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"The numbers tell the story. 'In 1987, the Irish Republic's per capita income hovered at 63 percent of the United Kingdom's,' writes Powell. 'Today, Ireland's $25,500 per capita income bests the United Kingdom's per capita average by $3,200.' More broadly, the average income per capita in Ireland is now 122 percent of the European Union’s average."
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"In France, similarly, the numbers are telling. The guaranteed and artificially high minimum wage currently stands at 86 percent of the nation’s average salary of white collar employees, discouraging job creation and creating a disincentive for productivity and upward mobility.
For those able to find a job, the French mandated work week is 35 hours, except during the mandated five weeks per year of paid vacation.
'French labor laws are among Europe's strictest,' reports Christopher Sultan in Der Spiegel. 'Practically every dismissal ends up before a labor court.' The idea is security, the notion that employment will be maximized if no one can get fired. In fact, the effect is the opposite. If employers can’t fire, they’re less likely to hire, and especially less likely to hire from the ranks of the most disadvantaged and inexperienced.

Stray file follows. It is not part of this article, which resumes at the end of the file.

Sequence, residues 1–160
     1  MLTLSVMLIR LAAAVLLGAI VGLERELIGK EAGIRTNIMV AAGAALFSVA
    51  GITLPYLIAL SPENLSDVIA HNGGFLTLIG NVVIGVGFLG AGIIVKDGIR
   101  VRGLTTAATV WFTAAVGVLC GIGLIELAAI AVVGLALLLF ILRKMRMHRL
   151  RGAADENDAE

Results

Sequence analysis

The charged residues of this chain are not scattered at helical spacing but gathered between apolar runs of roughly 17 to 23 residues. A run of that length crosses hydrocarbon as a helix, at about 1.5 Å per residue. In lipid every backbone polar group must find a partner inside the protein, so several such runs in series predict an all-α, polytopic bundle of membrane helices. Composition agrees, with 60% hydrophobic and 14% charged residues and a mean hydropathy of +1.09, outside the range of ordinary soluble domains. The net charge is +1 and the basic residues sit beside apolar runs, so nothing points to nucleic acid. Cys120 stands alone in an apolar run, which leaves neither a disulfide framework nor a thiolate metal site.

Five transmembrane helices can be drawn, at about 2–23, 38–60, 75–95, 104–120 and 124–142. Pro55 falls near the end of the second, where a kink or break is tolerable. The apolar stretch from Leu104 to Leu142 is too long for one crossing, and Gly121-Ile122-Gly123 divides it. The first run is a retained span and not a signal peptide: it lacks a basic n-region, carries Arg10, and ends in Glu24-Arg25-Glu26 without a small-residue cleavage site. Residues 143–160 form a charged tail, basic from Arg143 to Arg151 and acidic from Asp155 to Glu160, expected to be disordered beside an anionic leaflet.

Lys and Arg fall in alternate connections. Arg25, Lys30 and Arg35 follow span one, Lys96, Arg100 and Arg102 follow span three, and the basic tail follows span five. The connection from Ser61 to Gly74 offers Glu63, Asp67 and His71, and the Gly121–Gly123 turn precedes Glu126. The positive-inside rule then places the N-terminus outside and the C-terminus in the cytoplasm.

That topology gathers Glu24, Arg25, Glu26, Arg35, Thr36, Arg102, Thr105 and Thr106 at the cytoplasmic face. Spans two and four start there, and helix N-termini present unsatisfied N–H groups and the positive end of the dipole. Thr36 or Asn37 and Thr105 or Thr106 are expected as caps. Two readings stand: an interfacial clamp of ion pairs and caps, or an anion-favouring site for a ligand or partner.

In a milieu that’s doing its best strangle the private sector with red tape, confiscatory taxation, and litigation, it’s not surprising that the French economy operates with 23 percent of its labor force working for the government, a malfunctioning and sponging assemblage of six million 'public servants' who outnumber the combined number of French shopkeepers, business owners, and self-employed tradesmen, i.e., carpenters, plumbers, etc., by four to one."